|July 21, 2016
Contact: Whitney Ray
Phone: (850) 245-0150
TALLAHASSEE, Fla.—Attorney General Pam Bondi today joined seven other state attorneys general, the District of Columbia and the United States Department of Justice Antitrust Division in filling a legal challenge to stop a proposed merger of Aetna Inc. and Humana Inc. Aetna is the nation’s third-largest health insurer, operates in every state and the District of Columbia and provides health insurance to 23 million people. Humana is the nation’s fifth-largest health insurer, operates in every state and the District of Columbia, and provides health insurance to 14 million people. According to the lawsuit, the merger of the two insurers would likely lead to higher prices and reduced benefits for Florida seniors, families and individuals.
“Competition in our health insurance markets is crucial to keeping premiums down and the quality of care up, particularly when it comes to our seniors and other vulnerable populations, the individuals most affected by this proposed acquisition,” said Attorney General Bondi. “It is important that we do everything we can to preserve competition in these markets.”
The lawsuit against Aetna and Humana alleges that the merger would substantially reduce Medicare Advantage competition in more than 350 counties in 21 states, affecting more than 1.5 million Medicare Advantage customers in those counties. While the threat to competition in Florida is statewide, the complaint alleges that the threat is particularly acute and presumptively unlawful in nine Florida counties: Broward, Charlotte, Duval, Manatee, Martin, Polk, Sarasota, St. Johns and St.Lucie.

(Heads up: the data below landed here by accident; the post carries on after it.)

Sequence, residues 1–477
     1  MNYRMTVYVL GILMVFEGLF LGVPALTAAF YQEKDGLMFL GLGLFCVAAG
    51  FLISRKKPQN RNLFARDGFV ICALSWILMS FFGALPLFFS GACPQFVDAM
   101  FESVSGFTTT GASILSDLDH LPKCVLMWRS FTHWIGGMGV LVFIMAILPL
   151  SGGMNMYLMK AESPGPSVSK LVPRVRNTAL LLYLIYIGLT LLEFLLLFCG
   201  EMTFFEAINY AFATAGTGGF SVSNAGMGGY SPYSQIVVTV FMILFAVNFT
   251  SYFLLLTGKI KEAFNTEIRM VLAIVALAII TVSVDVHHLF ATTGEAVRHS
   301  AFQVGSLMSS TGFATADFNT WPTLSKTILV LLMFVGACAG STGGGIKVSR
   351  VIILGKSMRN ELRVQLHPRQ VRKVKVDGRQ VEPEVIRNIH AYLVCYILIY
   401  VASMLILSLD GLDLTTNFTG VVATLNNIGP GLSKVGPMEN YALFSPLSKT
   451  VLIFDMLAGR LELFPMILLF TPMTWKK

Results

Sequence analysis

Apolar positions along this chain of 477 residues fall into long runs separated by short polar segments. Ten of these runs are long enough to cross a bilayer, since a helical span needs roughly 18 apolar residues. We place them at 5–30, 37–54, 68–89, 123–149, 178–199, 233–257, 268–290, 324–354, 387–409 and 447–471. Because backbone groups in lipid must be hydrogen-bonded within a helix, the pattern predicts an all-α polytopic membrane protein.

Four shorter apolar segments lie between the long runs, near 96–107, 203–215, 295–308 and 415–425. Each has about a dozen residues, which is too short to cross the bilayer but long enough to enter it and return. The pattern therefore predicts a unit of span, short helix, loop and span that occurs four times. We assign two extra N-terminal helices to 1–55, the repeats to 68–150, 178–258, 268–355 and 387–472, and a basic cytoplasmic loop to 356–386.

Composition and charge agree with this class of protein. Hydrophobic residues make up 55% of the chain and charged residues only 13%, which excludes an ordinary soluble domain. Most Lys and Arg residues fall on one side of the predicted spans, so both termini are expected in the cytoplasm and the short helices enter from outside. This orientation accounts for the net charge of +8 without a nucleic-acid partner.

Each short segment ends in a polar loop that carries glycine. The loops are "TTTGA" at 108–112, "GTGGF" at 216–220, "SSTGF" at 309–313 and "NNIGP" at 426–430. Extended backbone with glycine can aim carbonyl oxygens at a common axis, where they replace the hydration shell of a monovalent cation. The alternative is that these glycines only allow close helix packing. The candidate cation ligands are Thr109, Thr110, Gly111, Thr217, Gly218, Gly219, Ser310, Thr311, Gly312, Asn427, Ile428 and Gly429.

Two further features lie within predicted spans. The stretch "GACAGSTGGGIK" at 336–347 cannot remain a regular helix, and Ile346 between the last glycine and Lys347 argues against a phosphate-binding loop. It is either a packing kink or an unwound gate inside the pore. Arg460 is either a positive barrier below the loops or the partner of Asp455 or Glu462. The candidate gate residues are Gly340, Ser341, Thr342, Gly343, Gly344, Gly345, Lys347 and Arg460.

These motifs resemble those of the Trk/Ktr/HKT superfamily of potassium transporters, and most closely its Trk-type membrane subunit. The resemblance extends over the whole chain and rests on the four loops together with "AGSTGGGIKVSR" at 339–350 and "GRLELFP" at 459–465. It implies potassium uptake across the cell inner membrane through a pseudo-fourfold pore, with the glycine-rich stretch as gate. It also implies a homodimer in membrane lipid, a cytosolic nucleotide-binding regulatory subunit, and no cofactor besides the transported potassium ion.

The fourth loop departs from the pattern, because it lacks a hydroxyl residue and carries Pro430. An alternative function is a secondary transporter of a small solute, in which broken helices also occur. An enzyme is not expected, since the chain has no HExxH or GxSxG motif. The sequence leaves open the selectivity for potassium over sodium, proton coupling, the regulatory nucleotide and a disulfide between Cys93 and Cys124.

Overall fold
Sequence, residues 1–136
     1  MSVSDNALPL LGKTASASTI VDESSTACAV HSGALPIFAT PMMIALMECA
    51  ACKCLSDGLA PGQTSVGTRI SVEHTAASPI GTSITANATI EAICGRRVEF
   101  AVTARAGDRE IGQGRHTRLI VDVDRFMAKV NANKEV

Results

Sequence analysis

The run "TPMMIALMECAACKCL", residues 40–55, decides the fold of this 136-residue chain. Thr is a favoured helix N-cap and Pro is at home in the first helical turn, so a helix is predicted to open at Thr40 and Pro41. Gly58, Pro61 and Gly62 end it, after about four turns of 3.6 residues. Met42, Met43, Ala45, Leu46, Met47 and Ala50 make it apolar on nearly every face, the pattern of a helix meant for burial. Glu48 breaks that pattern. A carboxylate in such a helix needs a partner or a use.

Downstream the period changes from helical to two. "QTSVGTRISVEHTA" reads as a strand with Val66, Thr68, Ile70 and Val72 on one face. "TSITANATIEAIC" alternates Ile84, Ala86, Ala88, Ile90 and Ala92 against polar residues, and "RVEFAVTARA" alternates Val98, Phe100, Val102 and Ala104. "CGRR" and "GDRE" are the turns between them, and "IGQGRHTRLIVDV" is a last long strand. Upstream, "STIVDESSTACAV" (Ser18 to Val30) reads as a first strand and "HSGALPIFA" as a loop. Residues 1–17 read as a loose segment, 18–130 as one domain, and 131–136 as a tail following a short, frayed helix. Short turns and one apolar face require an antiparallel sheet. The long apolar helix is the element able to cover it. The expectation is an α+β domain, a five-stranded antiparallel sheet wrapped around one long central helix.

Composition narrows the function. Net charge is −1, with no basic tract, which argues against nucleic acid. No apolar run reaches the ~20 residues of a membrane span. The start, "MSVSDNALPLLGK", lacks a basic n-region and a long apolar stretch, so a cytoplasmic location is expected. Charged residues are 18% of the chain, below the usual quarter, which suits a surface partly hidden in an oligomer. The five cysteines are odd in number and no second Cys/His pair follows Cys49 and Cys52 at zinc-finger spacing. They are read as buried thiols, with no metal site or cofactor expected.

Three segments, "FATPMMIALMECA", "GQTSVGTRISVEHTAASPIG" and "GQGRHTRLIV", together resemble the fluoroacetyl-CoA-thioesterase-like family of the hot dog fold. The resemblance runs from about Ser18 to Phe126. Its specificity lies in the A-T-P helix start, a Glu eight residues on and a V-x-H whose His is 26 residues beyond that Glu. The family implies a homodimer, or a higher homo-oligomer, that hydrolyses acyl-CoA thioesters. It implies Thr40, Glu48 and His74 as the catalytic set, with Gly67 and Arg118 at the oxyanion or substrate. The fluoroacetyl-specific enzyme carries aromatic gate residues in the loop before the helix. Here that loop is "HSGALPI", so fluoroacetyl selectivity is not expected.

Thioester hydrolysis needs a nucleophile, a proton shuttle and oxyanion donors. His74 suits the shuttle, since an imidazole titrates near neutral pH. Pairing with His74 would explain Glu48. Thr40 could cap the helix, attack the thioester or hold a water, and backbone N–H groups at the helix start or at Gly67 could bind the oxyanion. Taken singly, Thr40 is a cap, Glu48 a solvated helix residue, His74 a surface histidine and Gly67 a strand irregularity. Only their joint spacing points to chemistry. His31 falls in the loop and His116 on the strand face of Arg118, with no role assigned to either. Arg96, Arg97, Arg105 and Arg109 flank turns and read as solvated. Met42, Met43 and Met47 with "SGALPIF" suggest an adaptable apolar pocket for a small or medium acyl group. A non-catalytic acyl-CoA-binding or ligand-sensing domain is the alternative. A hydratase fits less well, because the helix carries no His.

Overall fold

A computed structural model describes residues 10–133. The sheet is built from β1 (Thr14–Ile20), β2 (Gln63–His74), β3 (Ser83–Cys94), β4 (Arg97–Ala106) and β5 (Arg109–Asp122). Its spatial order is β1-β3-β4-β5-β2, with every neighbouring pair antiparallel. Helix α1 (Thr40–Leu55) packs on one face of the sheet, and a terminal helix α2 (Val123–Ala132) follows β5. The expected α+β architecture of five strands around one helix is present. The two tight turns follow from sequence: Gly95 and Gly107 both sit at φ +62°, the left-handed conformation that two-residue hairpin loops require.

The lawsuit also alleges that Aetna’s purchase of Humana would substantially reduce competition to sell commercial health insurance to individuals and families on the public exchanges in three Florida counties and 14 other counties in Georgia and Missouri, affecting more than 700,000 people in those counties. According to the complaint, the most affected counties in Florida are Broward, Palm Beach and Volusia. By buying Humana, Aetna would allegedly eliminate one of its strongest and most capable competitors in these markets.
Eight states, the District of Columbia and the U.S. Department of Justice filed the merger challenge in the U.S. District Court for the District of Columbia. The complaint alleges that the merger, valued at $37 billion, would harm seniors, working families and individuals, employers, doctors and other healthcare providers by limiting price competition, reducing benefits, decreasing incentives to provide innovative wellness programs and lowering the quality of care.
In addition to Florida and the DOJ, participants in the lawsuit include Delaware, the District of Columbia, Georgia, Illinois, Iowa, Ohio, Pennsylvania and Virginia.
To view the complaint filed, click here.